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Heavy smoking and alcohol abuse cause premature ageing of arteries in youth


Key points from article :

“The more you drink, the greater the increase in arterial stiffness,” - Hugo Walford, study author.

Stiffer arteries are associated with higher risks of heart disease and stroke.

Researchers examined associations between smoking and drinking habits and changes in arterial stiffness at ages 17 and 24 years.

Alcohol use was classified as never, medium (4 drinks or less a day), and high (more than 5 drinks a day).

Smoking was categorised as never, past, medium (less than 10 cigarettes a day), and high (10 or more cigarettes daily).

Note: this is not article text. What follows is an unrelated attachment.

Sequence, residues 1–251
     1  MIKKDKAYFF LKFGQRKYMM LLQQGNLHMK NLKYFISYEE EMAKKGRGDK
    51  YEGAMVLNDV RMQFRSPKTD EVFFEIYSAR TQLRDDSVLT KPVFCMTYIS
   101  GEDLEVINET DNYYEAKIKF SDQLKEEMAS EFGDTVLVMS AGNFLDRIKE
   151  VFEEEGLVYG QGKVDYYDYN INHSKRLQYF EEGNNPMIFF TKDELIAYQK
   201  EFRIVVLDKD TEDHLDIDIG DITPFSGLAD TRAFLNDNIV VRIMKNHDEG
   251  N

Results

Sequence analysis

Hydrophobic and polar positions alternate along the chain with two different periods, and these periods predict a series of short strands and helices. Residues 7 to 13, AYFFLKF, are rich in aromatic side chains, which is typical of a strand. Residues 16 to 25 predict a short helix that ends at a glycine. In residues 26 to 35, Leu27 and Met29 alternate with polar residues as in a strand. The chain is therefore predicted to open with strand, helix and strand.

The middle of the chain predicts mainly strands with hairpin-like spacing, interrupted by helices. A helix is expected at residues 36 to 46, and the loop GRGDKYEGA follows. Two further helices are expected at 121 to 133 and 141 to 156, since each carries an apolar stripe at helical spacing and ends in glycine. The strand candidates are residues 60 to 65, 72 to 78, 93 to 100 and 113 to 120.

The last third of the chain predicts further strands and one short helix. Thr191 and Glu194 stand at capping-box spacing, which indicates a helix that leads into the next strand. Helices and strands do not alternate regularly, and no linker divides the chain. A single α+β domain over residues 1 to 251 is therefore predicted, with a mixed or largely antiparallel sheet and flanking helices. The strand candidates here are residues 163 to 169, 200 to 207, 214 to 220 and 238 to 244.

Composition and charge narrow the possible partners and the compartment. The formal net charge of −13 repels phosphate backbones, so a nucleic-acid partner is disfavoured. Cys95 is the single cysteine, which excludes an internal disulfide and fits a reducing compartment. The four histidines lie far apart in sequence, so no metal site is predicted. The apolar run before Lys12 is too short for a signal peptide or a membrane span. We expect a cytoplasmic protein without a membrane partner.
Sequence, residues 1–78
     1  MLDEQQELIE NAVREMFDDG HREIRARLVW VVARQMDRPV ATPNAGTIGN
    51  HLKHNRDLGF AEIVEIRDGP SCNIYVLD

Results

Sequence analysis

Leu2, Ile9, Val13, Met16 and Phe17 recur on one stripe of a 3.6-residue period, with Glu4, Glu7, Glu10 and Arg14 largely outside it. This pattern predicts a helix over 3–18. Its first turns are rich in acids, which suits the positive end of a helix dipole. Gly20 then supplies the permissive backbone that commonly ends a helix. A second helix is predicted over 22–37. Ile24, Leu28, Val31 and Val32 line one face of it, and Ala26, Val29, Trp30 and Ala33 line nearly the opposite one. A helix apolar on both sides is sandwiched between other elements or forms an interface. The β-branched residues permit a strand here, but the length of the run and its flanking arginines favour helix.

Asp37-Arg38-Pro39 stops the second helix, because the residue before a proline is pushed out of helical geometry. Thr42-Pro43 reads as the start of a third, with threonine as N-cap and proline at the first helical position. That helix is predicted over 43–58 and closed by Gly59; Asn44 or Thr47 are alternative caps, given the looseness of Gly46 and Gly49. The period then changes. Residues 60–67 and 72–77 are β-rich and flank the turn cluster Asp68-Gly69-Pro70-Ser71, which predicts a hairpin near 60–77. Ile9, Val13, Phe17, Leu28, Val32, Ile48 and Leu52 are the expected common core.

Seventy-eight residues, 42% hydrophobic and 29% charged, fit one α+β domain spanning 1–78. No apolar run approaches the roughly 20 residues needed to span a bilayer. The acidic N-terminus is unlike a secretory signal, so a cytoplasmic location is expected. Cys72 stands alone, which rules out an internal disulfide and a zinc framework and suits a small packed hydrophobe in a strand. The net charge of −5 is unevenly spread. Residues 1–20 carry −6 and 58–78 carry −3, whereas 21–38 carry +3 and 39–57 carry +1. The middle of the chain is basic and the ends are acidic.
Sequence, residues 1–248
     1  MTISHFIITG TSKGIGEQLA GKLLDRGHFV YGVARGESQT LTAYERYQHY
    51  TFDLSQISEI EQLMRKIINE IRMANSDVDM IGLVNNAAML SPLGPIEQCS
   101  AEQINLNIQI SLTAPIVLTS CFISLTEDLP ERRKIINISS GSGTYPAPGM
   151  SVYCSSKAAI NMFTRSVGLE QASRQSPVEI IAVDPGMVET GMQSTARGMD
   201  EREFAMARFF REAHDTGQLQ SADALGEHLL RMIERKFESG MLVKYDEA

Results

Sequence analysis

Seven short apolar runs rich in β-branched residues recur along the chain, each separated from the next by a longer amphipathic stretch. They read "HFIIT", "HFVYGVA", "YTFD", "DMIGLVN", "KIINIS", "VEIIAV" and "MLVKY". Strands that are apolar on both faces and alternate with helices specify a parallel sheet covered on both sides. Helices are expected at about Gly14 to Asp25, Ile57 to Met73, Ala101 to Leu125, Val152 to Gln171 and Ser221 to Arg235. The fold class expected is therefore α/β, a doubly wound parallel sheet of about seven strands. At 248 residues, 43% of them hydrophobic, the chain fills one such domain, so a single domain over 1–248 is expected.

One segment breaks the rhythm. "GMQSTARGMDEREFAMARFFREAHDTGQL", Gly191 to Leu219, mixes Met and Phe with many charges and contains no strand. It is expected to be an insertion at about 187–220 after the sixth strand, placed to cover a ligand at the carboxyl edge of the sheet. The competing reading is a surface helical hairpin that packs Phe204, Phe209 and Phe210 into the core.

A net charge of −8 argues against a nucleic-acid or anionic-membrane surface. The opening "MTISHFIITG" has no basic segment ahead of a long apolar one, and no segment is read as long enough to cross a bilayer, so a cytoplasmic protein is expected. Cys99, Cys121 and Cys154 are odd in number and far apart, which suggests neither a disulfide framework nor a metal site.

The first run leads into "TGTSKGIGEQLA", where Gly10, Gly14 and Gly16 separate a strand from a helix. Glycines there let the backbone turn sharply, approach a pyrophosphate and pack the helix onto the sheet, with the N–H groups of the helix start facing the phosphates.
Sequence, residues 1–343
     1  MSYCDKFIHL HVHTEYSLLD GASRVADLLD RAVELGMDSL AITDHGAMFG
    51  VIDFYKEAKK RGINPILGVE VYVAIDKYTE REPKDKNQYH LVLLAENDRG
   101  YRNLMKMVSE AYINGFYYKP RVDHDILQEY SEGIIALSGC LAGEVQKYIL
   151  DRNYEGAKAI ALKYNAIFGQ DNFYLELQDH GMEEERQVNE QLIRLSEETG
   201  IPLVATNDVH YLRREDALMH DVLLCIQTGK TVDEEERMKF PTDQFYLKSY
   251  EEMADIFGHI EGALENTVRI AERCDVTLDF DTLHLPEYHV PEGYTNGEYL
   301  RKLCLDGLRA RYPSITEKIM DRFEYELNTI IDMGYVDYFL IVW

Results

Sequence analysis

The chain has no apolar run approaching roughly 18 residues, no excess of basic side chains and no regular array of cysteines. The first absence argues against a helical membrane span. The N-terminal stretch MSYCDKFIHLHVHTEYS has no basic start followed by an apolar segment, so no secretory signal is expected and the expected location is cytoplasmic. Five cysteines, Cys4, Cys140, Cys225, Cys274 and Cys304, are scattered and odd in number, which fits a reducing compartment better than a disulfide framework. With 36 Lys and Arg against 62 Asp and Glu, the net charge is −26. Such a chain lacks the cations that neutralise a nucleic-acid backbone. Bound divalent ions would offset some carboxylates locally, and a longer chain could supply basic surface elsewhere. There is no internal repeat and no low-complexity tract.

Arterial stiffness increased by 10.3% from age 17 to 24, with a slightly greater increase in women.

Increased with each point rise in the average alcohol score.

High intensity smokers had a greater increase than never smokers (significant in women).

“Never smokers and ex-smokers had similar alterations in arterial stiffness, indicating that quitting can restore vascular health at this young age,” - Walford.

Study by University College London presented at ESC Congress 2021.

Stiffer arteries further elevate risk of heart disease and stroke, mainly in women

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